SUSTAINABILITY IN AUSTRALIA

Bauxite Mining

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Aluminum Smelting

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Greening Australia 30-year Partnership Celebration

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Sustainability Approach

 

In existence since 1963, Alcoa’s Australian operations have taken a leadership role in integrating sustainability into our business practices not only within Alcoa globally but also within Australia’s mining and aluminum industries.

Pinjarra Refinery

Pinjarra Refinery

Alcoa of Australia Limited (Alcoa of Australia), owned 60% by Alcoa Inc. and 40% by Alumina Limited, operates the mines, refineries, and smelters. Alcoa Australia Rolled Products Pty Ltd, 100% owned by Alcoa Inc., operates the rolled products plants and recycling operation. Alcoa Fastening Systems Australia Pty Ltd. and Alcoa Wheel Products Australia Pty Ltd., both owned 100% by Alcoa Inc., have manufacturing or distribution facilities in Australia.

 

Within these operations, we approach sustainability through our commitment to innovation, safety, community engagement, and environmental stewardship, as well as being part of the climate-change solution. Helping focus our efforts are Alcoa’s values, standards, and global strategic sustainability targets.

 

Our contribution to Australia’s sustainability is multifaceted and includes royalties, jobs, community investment, and investment in research and development to reduce environmental impacts and conserve natural resources. Annually, more than 75% of Alcoa of Australia’s total revenue stays in Australia through wages, local purchasing, taxes, capital investment, and dividends to Australian shareholders.

 

Products

In Australia, we operate the world’s largest integrated bauxite mining, alumina refining, aluminum smelting, and rolling system.

 

Alcoa of Australia’s Western Australian and Victorian operations produce approximately 20% of Australia’s aluminum and almost 45% of the country’s alumina, which meets around 10% of world alumina demand. Most of the alumina we produce is exported to key markets, including China and the Middle East. We also export non-metallurgical alumina and aluminum ingot.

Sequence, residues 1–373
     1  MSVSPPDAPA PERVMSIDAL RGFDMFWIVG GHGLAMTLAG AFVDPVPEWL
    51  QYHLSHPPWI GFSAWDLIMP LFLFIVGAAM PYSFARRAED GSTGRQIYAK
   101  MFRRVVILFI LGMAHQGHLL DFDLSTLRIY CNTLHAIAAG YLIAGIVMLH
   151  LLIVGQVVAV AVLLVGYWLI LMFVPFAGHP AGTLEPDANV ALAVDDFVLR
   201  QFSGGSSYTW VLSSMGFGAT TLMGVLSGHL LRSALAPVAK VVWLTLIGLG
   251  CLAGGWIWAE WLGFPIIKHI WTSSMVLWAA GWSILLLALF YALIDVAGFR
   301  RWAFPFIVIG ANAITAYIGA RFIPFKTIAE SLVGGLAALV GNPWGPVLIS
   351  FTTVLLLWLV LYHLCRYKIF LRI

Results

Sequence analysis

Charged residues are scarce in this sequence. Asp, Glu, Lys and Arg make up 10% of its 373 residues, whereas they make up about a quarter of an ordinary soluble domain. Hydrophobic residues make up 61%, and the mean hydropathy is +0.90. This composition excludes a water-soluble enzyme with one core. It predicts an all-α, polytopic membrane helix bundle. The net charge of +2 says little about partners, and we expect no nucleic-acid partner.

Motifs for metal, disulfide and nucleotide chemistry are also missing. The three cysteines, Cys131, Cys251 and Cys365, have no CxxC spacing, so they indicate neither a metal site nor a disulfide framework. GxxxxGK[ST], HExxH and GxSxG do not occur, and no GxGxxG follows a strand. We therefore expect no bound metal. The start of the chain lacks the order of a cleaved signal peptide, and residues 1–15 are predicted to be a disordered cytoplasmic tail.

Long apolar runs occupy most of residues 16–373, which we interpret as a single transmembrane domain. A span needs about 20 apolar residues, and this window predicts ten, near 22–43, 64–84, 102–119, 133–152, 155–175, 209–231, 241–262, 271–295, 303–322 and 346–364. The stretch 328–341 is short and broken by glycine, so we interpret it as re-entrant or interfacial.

Huntly Mine in Western Australia

Huntly Mine in Western Australia

In 2012, we mined more than 34.7 million wet metric tons (31.8 million dry metric tons) of bauxite from our two mines in Western Australia’s Darling Range. We processed the bauxite at our three Western Australian refineries, producing more than 9 million metric tons of smelter-grade alumina. Efficiency improvements resulted in a new annual Western Australia system record of 25,104 metric tons per day, up 413 metric tons per day from 2011. This was supported by annual records at our Pinjarra and Wagerup refineries.

 

Our Pinjarra Refinery celebrated 40 years of operation in 2012. The location is regarded as one of the most successful and cost-efficient alumina refineries in the world. It has grown from an initial production capacity of 250,000 metric tons of alumina per year to approximately 4.3 million metric tons today.

 

Our Point Henry and Portland Aluminium smelters, the latter of which is owned 55% by Alcoa of Australia, produced approximately 492,000 metric tons of aluminum combined in 2012.

 

Since 1965, our aluminum rolling mills in Victoria and New South Wales have been producing aluminum sheeting that is used to make aluminum food and beverage cans, bottle screw caps, and aluminum ingots. In 2012, the mills produced 130,815 metric tons of rolled product, down slightly from the 130,979 metric tons produced in 2011. Both aluminum sheeting and ingots are exported, with export revenue accounting for 58% of the mills’ 2012 sales.

 

Used beverage cans are melted at the Yennora plant

Used beverage cans are melted at the Yennora plant

We operate the largest aluminum recycling plant in the southern hemisphere at Yennora, in western Sydney. In 2012, the facility recycled approximately 77,000 metric tons of aluminum, including almost 600 million used aluminum cans. We used this recycled aluminum to help produce enough can body sheet for 5.6 billion new cans.

 

Our fastening business in Melbourne, Victoria, manufactures, markets, and distributes specialty fastener products, including wire thread inserts and thread repair kits. These are used to strengthen threads in original equipment manufactured for the automotive, electronics, aerospace, and other industries.

 
Our Melbourne operation is also the Australasia distribution center for Alcoa-manufactured high-strength fasteners from the United States. These specialty fasteners are generally utilized in industries and applications where loosening of conventional fasteners occurs because vibration-induced stresses cause connection failure and component damage. In 2012, revenue amounted to approximately US$14.2 million, with close to 65% derived from exports to more than 50 countries.

 

Our wheel products business is a warehousing and distribution center for imported Alcoa forged wheels and associated accessories. We also supply tire-fitting services for truck and trailer original equipment manufacturers.

 

In 2012, our alumina, aluminum, rolled product, and fastening businesses faced lower margins due to the high value of the Australian dollar against the U.S. dollar; restricted global demand for some products; aluminum prices at their lowest in 25 years in Australian dollar terms; and increasing input costs. Other significant issues we faced included energy security issues and production cost increases.

 

Despite these conditions, we achieved our overall productivity improvement targets for the year.

 

Government Assistance